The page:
Maybe they are. It seems editorial cartooning is still stuck in the world of clich?: lying politicians growing Pinocchio noses, Jimmy Carter the peanut farmer or Gerry Ford the clumsy oaf (just see how many cartoonists use those crutches when either of those two gentlemen passes on). Eighty years after the comic strips stopped having characters react to a joke by "flopping" off-panel, editorial cartoonists will still feature "feelthy" Frenchmen in berets and striped shirts, or Congressmen with their skinny ties and wide-brimmed black hats. I guess if you want to make a point quickly, you need to use imagery that's been with our culture ever since Thomas Nast first drew donkeys and elephants to represent the political parties.
  Still, it was kind of disappointing that when browsing the archive of Kate Hepburn cartoons, only one of the cartoonists featured just drew an affectionate portrait. I'd think if an entertainer or artists really meant something in your life or worldview, that's the best thing you could do.

Thursday, July 03, 2003

All Killer, No Filler?

Was just reading some news squibs about the fact that some bands, specifically Metallica and Red Hot Chili Peppers have refused to have their music sold online via Apple's iTunes Music Store. Their rationale was that they were unhappy with the service for allowing customers to download indivudal tracks, with the rationale that "Our artists would rather not contribute to the demise of the album format," This, in turn, has sparked the usual flaming on the discussion boards about how albums today have maybe two good songs, while the rest is just filler crap. Some songwriters have responded that they feel none of their work is filler, but represents their best efforts, and artists don't spend a year of their lives working on what they think is just filler, blah, blah, blah�
I'm here to tell ya [old man voice] these kids today [/old man voice] must not remember that when singles artsits in the early 60's--and that's most rock 'n' roll artists--were accorded the honor of putting out an album, they were just one or two hit singles and a lot of filler. Check out any original Motown album: you get one or two of the Supremes' latest two hits, and then ten cuts of show tunes, or covers of songs made famous by other Motown artists. I can understand an artist still wedded to the concept of an "album" as a single unit of music that he wants to control: Brian Wilson mixed most of the Beach Boys' LPs, especially "Pet Sounds," in mono so the listener couldn't fiddle with his vision of how the music should sound (that and he was deaf in one ear). But if you really want your album to be an intact "vision," then you have no business releasing singles from it to radio. That instantly divorces those songs from the experience of listening to the album.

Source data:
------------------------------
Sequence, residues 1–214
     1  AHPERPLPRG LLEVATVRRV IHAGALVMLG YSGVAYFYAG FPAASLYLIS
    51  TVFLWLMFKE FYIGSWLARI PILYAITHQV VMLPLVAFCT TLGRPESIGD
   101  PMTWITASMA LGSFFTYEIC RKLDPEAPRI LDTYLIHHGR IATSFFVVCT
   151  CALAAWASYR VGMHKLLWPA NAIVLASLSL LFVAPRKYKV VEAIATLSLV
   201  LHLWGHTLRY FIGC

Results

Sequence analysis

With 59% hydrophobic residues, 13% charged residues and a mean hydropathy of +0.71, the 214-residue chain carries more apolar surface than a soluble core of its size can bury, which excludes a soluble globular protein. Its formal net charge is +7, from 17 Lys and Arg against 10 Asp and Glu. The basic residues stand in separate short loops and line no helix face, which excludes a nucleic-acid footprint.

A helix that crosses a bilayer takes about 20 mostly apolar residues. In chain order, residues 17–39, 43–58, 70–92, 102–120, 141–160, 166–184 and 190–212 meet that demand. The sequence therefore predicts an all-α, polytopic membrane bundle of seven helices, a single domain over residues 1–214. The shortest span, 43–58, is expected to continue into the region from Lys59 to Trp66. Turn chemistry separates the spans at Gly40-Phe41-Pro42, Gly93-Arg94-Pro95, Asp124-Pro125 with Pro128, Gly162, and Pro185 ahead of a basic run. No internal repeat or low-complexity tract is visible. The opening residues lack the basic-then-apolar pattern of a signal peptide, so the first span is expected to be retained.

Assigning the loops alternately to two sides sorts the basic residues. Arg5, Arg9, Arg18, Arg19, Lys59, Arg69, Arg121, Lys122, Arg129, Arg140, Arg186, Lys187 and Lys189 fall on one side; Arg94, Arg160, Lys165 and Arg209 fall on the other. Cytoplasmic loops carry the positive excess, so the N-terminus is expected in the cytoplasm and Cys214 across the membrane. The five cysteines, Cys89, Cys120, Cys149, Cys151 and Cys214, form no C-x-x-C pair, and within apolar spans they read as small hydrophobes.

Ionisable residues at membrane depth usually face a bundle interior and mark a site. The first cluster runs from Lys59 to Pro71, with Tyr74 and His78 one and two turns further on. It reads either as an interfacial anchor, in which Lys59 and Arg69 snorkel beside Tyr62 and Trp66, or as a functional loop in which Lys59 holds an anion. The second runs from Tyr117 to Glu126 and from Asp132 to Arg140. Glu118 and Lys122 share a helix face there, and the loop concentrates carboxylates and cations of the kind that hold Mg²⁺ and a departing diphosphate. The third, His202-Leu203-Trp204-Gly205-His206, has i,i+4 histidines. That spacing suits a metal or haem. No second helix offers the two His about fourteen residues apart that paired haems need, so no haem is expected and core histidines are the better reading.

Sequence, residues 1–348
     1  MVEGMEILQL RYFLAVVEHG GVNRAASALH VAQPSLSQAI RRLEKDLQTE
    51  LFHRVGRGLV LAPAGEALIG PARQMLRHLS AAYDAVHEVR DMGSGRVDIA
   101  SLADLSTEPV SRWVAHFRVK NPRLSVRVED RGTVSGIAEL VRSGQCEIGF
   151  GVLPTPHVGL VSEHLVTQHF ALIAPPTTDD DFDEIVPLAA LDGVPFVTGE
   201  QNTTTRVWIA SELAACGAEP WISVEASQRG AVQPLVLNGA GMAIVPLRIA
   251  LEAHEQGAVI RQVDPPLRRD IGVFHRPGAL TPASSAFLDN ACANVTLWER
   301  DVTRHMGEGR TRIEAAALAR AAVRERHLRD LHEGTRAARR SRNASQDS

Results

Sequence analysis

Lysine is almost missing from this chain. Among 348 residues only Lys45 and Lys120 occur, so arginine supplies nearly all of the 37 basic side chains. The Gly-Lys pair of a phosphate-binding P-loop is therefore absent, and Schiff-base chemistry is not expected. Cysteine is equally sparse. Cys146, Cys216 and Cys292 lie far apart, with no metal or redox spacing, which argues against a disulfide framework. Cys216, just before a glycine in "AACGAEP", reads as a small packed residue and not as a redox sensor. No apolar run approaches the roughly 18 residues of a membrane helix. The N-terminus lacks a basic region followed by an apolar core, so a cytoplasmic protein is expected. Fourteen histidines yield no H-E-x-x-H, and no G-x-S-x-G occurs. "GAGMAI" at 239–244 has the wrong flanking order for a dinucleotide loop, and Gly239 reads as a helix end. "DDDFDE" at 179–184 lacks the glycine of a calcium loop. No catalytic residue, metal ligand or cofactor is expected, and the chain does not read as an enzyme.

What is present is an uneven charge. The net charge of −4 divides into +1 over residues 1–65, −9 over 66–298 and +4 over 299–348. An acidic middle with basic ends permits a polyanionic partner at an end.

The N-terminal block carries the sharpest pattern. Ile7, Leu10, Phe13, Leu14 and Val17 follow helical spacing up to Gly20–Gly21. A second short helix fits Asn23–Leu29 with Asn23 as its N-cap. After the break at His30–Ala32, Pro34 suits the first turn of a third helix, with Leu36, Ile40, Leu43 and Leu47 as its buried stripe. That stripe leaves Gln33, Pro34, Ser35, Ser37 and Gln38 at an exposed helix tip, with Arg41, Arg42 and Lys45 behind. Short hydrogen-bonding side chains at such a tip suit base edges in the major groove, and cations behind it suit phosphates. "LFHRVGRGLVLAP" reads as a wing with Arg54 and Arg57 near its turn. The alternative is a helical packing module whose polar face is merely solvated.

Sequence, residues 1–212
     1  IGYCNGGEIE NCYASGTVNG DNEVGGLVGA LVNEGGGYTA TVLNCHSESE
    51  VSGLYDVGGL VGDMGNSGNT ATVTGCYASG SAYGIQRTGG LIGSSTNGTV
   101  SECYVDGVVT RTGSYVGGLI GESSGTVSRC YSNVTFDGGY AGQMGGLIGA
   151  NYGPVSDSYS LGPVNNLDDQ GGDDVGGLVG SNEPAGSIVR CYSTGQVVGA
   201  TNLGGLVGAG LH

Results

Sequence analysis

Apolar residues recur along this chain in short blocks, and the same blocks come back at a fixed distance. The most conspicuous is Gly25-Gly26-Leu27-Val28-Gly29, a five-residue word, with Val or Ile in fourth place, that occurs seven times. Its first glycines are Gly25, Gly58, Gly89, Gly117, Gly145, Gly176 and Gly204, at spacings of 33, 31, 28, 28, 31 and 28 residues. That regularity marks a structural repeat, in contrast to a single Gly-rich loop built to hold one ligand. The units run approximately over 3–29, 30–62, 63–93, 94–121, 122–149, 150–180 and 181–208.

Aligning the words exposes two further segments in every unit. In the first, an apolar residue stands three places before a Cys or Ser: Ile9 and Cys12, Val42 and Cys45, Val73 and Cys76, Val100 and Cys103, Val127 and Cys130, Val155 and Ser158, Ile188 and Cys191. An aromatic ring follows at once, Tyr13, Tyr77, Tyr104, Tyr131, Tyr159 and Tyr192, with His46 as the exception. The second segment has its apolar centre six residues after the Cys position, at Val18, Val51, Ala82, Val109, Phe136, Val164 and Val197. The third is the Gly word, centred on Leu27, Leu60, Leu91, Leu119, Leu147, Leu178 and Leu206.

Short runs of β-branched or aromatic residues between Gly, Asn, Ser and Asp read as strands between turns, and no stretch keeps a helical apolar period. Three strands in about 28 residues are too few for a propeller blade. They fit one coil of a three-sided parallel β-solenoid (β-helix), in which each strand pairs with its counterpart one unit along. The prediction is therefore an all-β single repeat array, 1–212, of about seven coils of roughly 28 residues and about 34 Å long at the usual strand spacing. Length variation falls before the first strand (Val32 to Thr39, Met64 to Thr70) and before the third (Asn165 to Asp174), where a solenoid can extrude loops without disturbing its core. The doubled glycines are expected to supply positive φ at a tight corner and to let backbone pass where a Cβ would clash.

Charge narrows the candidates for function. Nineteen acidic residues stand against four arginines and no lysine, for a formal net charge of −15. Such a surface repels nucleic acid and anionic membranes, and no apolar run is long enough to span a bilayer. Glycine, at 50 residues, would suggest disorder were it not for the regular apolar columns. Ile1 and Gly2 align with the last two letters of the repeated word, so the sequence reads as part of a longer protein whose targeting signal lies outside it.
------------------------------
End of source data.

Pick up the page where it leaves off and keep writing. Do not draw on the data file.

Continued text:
Besides, each songwriter may think each of his efforts is excellent, but record companies determine early in the process that "these" songs will be the singles, which will have videos made for them, and which will get the extra production boost. No matter how much the creative person protests, there are less worthy songs on a CD that many consumers resent paying $18.99 for, and would prefer to have just one or two songs.

The way to really fly